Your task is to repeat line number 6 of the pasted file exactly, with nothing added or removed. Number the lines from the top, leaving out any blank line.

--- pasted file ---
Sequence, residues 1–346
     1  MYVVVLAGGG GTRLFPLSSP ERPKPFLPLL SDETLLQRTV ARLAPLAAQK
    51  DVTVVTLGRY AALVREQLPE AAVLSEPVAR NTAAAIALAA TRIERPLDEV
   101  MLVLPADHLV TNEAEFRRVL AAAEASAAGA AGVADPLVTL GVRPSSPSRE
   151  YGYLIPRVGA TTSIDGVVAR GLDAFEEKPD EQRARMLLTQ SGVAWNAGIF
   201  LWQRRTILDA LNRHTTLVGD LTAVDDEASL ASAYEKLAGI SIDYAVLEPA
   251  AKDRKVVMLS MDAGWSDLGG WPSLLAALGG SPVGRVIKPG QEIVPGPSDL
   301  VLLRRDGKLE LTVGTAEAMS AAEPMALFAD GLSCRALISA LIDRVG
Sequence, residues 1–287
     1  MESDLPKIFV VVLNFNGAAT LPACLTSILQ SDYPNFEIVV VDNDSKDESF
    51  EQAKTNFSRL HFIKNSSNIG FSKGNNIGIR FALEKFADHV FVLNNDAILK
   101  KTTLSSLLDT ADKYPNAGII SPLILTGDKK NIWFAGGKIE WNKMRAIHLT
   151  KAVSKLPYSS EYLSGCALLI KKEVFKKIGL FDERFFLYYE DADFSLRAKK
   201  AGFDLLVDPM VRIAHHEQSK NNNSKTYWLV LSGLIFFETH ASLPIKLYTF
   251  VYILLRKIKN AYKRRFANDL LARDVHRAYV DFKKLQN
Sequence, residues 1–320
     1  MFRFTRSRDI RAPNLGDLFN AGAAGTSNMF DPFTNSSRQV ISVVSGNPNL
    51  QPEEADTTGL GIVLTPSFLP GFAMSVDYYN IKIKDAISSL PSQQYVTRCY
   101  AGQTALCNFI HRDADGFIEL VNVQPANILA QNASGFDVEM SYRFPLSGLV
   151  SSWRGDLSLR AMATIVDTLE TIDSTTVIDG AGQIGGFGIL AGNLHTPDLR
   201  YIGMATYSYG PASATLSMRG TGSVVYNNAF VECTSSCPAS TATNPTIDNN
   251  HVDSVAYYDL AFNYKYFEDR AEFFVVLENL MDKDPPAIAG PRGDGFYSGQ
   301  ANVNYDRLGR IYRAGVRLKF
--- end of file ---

   201  LWQRRTILDA LNRHTTLVGD LTAVDDEASL ASAYEKLAGI SIDYAVLEPA